Pain Severity (Visual Analog Scale): The pain levels of the patients were evaluated using the Visual Analog Scale (VAS). The patients were asked to consider their pain levels for the past 2 weeks and mark the average, the most severe, the least severe, and current pain levels on a horizontal line 17.

    Health-Related Quality of Life (Nottingham Health Profile): The Nottingham Health Profile (NHP) was used in evaluating the quality of life of the patients. This scale is a general quality of life scale that aims to measure the self-perceived health status in terms of physical, emotional, and social aspects 18. The NHP is also a general health questionnaire that has 6 sub-parameters under the headings, the Energy Level; pain; emotional reactions; social isolation; sleep; and physical activity; and which was answered as Yes/No. Each sub-parameter was between 0 and 100 points; the total points varied between 0-600 points 18. Its Turkish validity and reliability process was performed in 2000 by Ayşe Küçükdeveci and has used in patients with neuropathic pain 19.

    Intervention: The patients who were included in the study received TENS application for 6 weeks, 5 days a week, 20 minutes a day in 30 sessions total. The application was performed with the Cefar Active XT TENS device which produces 2-channel, 4-sockets, asymmetric, biphasic square wave. In the application, the frequency of the square wave was set to 80 Hz beat width for each second; the beat width to 350μs, and the current amplitude was set to 0-100 mA. The electrodes of the device (dura-stick plus 5*5 cm. cable, smooth needle pin sticky electrode) were set to face the upper part of the painful area. The current amplitude was kept at a level that would not cause/increase pain in the patient by considering the sensory threshold of the patient.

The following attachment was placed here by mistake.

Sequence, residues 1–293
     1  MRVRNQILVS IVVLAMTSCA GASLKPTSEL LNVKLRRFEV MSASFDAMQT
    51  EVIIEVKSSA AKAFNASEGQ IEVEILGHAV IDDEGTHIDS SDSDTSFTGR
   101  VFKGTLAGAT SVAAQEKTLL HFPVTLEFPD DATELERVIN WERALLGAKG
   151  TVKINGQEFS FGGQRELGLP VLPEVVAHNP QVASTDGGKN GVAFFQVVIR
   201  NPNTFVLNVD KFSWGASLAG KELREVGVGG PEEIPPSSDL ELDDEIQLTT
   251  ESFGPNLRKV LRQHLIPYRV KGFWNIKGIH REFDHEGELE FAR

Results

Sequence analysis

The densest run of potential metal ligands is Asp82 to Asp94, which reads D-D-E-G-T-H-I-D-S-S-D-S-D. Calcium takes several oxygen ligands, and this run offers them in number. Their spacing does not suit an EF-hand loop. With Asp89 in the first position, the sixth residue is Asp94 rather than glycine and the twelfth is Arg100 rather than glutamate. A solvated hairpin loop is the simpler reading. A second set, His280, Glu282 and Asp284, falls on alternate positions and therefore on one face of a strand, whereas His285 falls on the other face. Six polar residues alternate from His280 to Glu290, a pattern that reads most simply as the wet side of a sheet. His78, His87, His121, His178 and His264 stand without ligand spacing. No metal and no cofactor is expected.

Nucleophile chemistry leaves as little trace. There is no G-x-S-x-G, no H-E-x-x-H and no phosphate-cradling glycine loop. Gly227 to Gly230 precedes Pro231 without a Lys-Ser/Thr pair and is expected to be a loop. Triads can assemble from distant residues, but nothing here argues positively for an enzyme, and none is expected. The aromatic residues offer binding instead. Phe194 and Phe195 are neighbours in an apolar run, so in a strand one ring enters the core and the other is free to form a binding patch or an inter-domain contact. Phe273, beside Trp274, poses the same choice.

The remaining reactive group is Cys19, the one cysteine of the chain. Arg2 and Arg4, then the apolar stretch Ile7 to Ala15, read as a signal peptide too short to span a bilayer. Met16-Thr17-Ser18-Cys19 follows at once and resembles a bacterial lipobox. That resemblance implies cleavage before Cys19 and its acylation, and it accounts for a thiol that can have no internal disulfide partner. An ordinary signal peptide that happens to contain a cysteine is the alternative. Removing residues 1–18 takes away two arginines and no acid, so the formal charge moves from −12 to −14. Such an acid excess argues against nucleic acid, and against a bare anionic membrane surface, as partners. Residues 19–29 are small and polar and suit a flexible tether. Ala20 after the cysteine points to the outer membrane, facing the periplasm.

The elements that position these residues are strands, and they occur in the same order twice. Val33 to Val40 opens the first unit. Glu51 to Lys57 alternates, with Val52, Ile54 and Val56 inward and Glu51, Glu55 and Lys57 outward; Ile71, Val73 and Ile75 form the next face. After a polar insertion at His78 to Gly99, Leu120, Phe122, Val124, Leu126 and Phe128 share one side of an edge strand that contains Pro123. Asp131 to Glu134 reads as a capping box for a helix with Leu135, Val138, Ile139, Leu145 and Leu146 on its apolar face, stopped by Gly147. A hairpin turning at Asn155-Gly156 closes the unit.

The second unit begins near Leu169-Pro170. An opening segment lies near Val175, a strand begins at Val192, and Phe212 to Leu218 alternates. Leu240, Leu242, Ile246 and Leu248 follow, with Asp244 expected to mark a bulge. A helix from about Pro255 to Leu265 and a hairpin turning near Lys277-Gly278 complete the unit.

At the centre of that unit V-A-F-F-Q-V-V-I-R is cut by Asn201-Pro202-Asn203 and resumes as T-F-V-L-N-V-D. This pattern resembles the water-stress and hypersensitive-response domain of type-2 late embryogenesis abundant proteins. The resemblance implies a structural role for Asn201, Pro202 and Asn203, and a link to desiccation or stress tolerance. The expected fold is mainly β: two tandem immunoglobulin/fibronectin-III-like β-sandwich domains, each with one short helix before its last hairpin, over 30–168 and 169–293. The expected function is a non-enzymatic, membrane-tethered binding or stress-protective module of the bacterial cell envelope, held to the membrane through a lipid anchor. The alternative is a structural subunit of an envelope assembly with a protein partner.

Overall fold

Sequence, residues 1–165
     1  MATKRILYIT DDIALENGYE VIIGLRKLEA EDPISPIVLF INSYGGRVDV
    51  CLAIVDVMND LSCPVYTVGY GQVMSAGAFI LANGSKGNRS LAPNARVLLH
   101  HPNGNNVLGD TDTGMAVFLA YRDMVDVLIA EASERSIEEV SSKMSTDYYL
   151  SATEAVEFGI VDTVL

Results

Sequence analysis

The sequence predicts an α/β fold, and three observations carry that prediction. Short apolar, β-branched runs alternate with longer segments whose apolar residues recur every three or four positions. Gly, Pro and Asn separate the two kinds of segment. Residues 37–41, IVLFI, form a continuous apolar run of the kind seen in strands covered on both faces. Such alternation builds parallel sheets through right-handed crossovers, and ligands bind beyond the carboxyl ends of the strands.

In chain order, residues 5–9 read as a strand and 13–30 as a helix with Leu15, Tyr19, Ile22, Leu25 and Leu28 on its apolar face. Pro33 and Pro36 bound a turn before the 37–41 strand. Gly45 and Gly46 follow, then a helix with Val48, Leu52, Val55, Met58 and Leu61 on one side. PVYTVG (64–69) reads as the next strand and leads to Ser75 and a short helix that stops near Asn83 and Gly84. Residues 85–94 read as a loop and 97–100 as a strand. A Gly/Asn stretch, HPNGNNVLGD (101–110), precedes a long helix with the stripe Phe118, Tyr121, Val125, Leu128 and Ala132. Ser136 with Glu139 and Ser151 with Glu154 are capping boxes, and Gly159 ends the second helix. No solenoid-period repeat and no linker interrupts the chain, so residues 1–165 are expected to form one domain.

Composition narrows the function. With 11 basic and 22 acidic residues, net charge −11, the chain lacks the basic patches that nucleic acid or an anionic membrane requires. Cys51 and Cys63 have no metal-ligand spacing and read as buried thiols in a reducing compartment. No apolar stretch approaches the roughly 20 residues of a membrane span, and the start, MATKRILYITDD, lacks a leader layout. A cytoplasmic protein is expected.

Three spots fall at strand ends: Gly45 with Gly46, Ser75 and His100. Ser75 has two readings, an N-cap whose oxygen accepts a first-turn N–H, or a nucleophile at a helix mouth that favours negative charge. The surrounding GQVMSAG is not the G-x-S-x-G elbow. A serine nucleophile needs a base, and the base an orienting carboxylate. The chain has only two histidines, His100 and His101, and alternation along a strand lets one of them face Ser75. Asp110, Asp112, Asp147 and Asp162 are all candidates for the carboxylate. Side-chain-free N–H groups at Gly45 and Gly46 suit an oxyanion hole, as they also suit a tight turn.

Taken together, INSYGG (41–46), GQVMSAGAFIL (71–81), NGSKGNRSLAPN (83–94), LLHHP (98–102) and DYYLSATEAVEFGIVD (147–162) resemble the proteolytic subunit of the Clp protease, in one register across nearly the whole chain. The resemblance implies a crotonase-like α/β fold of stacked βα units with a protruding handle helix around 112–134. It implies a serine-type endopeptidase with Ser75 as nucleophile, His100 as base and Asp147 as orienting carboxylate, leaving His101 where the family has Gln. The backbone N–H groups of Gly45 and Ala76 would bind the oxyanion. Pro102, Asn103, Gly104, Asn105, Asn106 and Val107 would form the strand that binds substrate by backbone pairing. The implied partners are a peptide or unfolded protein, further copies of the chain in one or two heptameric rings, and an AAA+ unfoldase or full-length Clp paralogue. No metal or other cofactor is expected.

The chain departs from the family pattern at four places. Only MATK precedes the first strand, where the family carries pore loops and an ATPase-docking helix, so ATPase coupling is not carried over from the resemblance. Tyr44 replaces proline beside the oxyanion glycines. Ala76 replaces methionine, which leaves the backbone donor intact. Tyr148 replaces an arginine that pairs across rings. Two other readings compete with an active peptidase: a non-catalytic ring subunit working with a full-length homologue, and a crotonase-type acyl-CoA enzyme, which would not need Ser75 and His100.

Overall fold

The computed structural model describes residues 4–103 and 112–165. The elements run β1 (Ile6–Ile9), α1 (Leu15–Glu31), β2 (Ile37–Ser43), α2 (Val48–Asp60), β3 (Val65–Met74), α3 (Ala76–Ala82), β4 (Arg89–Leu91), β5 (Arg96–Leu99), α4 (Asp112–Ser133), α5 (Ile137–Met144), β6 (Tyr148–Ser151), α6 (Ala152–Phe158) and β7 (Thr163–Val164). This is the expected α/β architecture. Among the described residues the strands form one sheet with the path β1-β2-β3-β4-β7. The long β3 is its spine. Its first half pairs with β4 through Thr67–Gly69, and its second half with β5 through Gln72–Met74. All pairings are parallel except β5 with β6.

Strengthening (trunk flexion-extension) and stretching exercises (stretching and elongation), mat activities (bridging), functional activities (weight transfer from anterior to posterior and left to right), and range of motion exercises (trunk flexion, extension, left-right rotation, lateral flexion) were performed by the patients. The exercises were applied carefully not to cause pain and tiredness in patients.

    Average pain severity was used for calculating sample size. The effect size was described with post hoc analysis as 0.87 by using means, standard deviations. The power of the study was calculated from the Gpower 3.0.10 analysis program and was found 88% for 16 individuals.

    Statistical Analysis: The statistical analyses of the study were made by using the SPSS 15.00 Statistical Package Program. The variables which were defined by measurements were expressed as median (25-75% interquartile range (IQR)), and percentage (%) was used for the variables that were defined by counting. The statistics of the changes between the pre-treatment and post-treatment values within and outside the groups and the areas were evaluated by using the ‘Wilcoxon test’.

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    Eleven men/5 women, 16 patients in total participated in the study. The median age of the patients was 70 (65-83) years. The demographic characteristics of the patients were given in Table 1.


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    Table 1: Demographics of patients